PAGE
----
Following the in vivo mouse study, in vitro studies were carried out to determine the mechanism by which AT2 receptor expression in stromal cells modifies the growth of pancreatic carcinoma cells. In the first in vitro experiment, the effect of AT2 receptor over-expression in either wild type or AT2-KO MSFs was evaluated in co-culture with PAN02 cells. Results clearly indicate that AT2 receptor over-expression significantly attenuates growth of co-cultured PAN02 cells. However, this attenuation was completely abolished by the addition of a low concentration of Ang II in the presence of the AT2 receptor-specific blocker PD123319 (Figure (Figure5).5). Since the contribution of MSFs to cell proliferation is approximately one third of the total cell proliferation (MSF + PAN02), since MSF cell proliferation was not influenced by the status of AT2 receptor expression (Figure (Figure5)5) nor by the presence of Ang II or the AT2 antagonist (data not shown), and since PAN02 cells do not express Ang II receptors, the growth of PAN02 cells appears to be indirectly regulated by the MSFs. This experiment nicely recapitulates results obtained from the mouse study (Figure (Figure1).1). Furthermore, VEGF expression in MSFs was shown to be suppressed by Ang II-AT2 receptor signaling (Figure (Figure6),6), implying that AT2 receptor expression-dependent growth attenuation may be mediated by the attenuation of VEGF production in stromal fibroblasts. In support of this, the VEGF positive cell numbers were higher in AT2-KO mouse tumors than in the wild type mouse tumors (Figure (Figure4).4). Taken together, these results strongly suggest that AT2 receptor signaling in stromal cells plays an important role in inhibition of tumor growth. As this research shows, tumor growth regulation is indirectly controlled through stromal cells. The significance of tumor stromal cells in tumor growth is widely accepted [43] and further emphasized by another recent report [44]. The mechanism by which tumor stromal fibroblasts regulate tumor growth has not been rigorously studied. However, Sugimoto et al. suggest that hepatocyte growth factor produced in fibroblasts controls tumor growth[45]. Since Ang II is known to be produced in fibroblasts and acts as a local cell growth regulator [10,15], it is reasonable to speculate that Ang II also plays a role as a local mediator for tumor growth. In support of this speculation, Fujimoto et al. [39] have reported AT1 receptor over-expression in human pancreatic cancer tissues and AT1 receptor-mediated growth regulation in pancreatic cancer cells. Furthermore, Anandanadesan has also reported that Ang II stimulates VEGF expression in a panel of human pancreatic cancer cell lines [38]. The present study also indicates that tumor stromal fibroblasts appear to be a rich source of VEGF (Figure (Figure44).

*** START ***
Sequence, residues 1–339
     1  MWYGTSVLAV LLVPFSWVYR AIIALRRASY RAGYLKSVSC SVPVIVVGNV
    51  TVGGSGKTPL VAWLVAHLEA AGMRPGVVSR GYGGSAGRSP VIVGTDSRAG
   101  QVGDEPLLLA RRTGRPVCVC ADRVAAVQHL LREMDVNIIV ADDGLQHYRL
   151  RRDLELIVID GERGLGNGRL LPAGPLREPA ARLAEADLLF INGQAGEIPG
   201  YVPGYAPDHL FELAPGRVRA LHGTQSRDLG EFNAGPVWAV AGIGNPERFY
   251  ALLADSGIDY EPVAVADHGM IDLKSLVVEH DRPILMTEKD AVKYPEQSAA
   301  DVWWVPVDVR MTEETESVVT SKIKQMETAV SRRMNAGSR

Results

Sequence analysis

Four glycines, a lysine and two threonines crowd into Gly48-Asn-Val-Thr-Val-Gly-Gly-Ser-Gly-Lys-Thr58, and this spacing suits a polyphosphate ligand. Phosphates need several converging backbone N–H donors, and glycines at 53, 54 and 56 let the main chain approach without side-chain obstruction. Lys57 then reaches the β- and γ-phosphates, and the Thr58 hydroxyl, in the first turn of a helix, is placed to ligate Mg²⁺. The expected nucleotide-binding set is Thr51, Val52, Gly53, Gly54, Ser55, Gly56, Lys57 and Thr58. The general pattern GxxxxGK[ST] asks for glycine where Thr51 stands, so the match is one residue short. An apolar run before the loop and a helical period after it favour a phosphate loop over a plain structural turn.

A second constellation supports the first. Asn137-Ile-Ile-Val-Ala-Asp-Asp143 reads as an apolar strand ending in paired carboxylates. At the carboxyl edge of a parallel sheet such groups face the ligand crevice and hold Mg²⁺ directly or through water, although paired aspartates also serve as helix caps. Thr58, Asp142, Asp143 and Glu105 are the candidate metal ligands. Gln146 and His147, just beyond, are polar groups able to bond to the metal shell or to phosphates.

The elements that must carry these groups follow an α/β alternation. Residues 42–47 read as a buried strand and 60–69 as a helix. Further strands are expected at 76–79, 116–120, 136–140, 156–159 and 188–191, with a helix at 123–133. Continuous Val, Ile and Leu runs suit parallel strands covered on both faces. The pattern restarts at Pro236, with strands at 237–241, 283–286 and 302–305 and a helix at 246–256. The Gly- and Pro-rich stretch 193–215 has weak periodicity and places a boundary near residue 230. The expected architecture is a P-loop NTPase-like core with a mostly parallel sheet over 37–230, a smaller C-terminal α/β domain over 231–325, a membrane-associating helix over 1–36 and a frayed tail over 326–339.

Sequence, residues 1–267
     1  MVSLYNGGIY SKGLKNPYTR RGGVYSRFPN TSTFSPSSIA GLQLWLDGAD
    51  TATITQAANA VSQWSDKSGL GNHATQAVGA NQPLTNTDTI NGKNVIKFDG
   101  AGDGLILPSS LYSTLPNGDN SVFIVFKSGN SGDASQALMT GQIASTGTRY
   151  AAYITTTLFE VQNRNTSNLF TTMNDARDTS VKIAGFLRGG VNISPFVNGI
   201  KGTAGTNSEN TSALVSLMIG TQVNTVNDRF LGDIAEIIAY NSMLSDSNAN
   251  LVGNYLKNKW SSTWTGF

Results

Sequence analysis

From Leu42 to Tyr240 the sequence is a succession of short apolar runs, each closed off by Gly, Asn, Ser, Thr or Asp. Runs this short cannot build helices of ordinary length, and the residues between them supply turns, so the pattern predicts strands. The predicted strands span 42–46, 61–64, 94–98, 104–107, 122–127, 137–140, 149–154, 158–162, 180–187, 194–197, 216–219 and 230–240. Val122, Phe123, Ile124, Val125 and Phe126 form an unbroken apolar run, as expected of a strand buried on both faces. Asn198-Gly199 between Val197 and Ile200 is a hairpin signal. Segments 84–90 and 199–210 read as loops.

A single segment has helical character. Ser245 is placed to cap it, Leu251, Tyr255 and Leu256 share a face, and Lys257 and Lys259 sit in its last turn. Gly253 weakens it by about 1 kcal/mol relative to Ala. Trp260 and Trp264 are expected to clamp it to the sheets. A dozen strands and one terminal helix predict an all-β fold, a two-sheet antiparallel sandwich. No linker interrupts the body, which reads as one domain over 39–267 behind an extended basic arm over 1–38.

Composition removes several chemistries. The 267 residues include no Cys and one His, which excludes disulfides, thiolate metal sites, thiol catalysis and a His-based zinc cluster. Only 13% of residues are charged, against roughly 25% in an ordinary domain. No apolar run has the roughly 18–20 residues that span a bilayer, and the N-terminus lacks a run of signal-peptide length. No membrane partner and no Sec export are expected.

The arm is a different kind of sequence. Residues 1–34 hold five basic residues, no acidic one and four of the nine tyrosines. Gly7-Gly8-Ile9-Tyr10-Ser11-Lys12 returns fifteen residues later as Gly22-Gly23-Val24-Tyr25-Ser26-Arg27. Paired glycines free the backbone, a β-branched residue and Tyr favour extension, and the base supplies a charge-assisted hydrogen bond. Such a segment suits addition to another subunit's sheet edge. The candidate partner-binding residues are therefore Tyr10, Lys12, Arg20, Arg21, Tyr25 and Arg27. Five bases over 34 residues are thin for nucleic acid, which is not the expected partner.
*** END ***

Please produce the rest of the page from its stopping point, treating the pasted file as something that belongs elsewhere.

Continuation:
It is well known that the Ang II receptor has two major isoforms, and their signaling is associated with cell proliferation and apoptosis [20]. The major isoform, the AT1 receptor, is expressed in a wide variety of tissues, and its signaling functions in a variety of pathophysiological reactions, including constriction of blood vessels, induction of cell proliferation and expression of proto-oncogenes such as c-fos, c-myc and c-jun [46]. The second major isoform, the AT2 receptor, is abundantly expressed in fetal tissues, but its expression declines rapidly after birth [14]. Multiple studies have shown that AT2 receptor signaling counteracts the biological effects mediated by AT1 receptor signaling, including inhibition of cell proliferation [41,42,47]. Therefore, the delicate balance between the activities of these two receptors plays an important role in the pathophysiology of various diseases[20]. Accordingly, AT2 receptor-deficiency-induced tumor growth stimulation may be mediated at least in part through Ang II-AT1 receptor signaling in either stromal cells or cancer cells. Indeed, it has been well documented that Ang II, besides its conventional physiological actions, displays characteristics of a growth factor [48]. The AT2 receptor signaling-dependent cell growth attenuation reported here is in good agreement with earlier studies [41,49]. In these studies, growth of vascular endothelial cells and smooth muscle cells were shown to be attenuated by AT2 receptor-mediated Ang II signaling. Although these studies did not clarify the potential second messenger that controls cell growth, the present study suggests that AT2 receptor-mediated attenuation of VEGF production is a potential mechanism for AT2 receptor expression-dependent growth attenuation of pancreatic carcinoma.

Based on observations by other researchers[20,21,48,50,51] and findings in the present study, it is clear that the AT2 receptor plays an important role in tumor growth in rodents. To the best of our knowledge, this is the first report to describe the involvement of AT2 receptor mediated signaling in controlling the growth of pancreatic adenocarcinoma at least in part by attenuating stromal fibroblast-dependent VEGF production. However, whether AT2 receptor expression indeed plays an important role in human pancreatic cancer growth must be clarified by human clinical studies.